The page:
The Lister Fertility Clinic in London, a private clinic that has been running a formal egg sharing scheme since January 1998, has evaluated 276 egg sharing cycles involving 192 women who agreed to share their eggs, 274 recipient cycles involving 246 women who received eggs and 1,098 non-sharing standard IVF or ICSI cycles involving 718 women.
The participants were divided into three groups egg sharers, non-egg sharers aged under 36 and recipients. The researchers evaluated the doses and duration of drugs needed for ovarian stimulation, the numbers of eggs collected and donated, and the fertilisation, pregnancy and live birth rates.
Clinic director and research team leader, Mr Hossam I Abdalla, said: "We found no statistically significant difference in the three groups. The egg sharers achieved a pregnancy rate of 42% and a live birth rate of 33%, the non-egg sharers achieved a pregnancy rate of 40% and a live birth rate of 30.9%, and the recipients achieved a pregnancy rate of 41.4% and a live birth rate of 28.6%."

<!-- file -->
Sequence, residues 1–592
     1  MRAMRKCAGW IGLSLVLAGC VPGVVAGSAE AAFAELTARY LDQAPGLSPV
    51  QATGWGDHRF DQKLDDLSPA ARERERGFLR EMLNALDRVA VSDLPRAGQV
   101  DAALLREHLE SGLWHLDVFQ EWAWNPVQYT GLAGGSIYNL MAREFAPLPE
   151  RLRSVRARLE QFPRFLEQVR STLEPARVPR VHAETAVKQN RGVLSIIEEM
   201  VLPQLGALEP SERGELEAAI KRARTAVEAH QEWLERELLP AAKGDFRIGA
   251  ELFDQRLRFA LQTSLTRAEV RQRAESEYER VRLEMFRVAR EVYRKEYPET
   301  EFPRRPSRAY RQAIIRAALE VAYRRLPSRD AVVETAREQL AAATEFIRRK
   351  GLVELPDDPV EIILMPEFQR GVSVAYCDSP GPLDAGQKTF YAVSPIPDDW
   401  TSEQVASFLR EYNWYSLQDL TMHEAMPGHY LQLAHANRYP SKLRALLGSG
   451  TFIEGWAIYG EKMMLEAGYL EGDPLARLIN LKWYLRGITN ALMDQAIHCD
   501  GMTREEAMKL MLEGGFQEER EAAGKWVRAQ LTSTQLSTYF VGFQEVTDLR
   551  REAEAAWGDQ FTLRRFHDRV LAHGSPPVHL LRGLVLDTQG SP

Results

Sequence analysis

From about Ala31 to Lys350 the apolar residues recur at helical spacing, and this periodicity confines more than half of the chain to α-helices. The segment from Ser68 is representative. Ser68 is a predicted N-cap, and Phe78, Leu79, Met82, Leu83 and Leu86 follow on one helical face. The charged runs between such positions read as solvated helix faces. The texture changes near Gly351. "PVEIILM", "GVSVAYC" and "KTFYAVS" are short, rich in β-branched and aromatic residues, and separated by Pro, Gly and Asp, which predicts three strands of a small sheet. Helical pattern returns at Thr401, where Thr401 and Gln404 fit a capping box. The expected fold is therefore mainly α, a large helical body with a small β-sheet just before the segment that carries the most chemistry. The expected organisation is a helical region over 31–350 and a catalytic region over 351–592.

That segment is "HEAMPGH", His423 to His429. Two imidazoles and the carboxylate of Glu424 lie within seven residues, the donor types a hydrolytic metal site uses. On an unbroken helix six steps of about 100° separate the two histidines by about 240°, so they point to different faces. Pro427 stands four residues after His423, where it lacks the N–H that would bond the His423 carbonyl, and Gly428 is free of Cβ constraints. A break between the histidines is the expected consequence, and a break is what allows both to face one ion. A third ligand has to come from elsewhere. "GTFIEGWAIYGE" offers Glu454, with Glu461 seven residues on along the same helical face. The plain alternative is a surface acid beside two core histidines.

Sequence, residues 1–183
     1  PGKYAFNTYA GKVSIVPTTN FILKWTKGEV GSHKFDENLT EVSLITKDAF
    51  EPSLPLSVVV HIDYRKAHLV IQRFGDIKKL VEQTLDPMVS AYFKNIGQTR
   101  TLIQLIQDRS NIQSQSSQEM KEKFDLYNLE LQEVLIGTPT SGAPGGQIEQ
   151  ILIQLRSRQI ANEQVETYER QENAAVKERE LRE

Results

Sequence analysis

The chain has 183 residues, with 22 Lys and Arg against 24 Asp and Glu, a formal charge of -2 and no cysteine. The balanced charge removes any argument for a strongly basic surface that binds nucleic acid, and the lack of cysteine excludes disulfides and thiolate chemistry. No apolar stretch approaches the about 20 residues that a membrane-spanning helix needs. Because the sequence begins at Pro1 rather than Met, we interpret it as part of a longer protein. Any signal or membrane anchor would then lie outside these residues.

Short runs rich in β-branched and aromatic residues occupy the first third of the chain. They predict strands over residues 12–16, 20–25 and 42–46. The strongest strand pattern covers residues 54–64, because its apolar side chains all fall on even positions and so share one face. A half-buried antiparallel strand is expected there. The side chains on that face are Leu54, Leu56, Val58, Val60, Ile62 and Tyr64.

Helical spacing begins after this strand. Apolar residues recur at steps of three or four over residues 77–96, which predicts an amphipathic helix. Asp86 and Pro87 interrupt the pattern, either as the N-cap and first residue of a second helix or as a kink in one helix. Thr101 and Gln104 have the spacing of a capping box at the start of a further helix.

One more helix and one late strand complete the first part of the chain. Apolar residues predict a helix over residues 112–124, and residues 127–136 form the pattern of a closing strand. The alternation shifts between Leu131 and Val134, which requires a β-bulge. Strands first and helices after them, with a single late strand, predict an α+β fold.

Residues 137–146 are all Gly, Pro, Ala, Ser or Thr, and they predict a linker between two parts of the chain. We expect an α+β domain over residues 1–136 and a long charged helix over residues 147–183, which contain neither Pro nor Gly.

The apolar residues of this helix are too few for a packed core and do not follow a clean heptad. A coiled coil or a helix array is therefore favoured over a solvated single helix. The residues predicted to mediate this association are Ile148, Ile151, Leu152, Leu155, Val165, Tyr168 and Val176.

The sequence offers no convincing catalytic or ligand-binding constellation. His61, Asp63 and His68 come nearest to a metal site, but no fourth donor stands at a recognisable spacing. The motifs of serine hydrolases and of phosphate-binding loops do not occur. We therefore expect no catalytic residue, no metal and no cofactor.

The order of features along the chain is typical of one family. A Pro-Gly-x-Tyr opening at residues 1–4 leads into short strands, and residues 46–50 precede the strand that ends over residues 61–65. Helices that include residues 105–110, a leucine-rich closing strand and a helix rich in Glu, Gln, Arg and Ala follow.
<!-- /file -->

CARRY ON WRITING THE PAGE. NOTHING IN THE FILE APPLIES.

The number of eggs collected, the number of mature follicles and the amount of stimulating hormone (gonadotrophin) used was not significantly different between the egg sharing women and the non-egg sharing women. In addition, the average number of embryos transferred and the mean numbers of eggs allocated between egg sharers and recipients was not statistically different.
"Up to now, there has been no research in the UK carried out with large numbers of patients to ensure that the egg sharing programme is not detrimental to egg sharers and/or to the outcome of recipients' treatment compared with standard IVF or ICSI," said Mr A
Contact: Margaret Willson
European Society for Human Reproduction and Embryology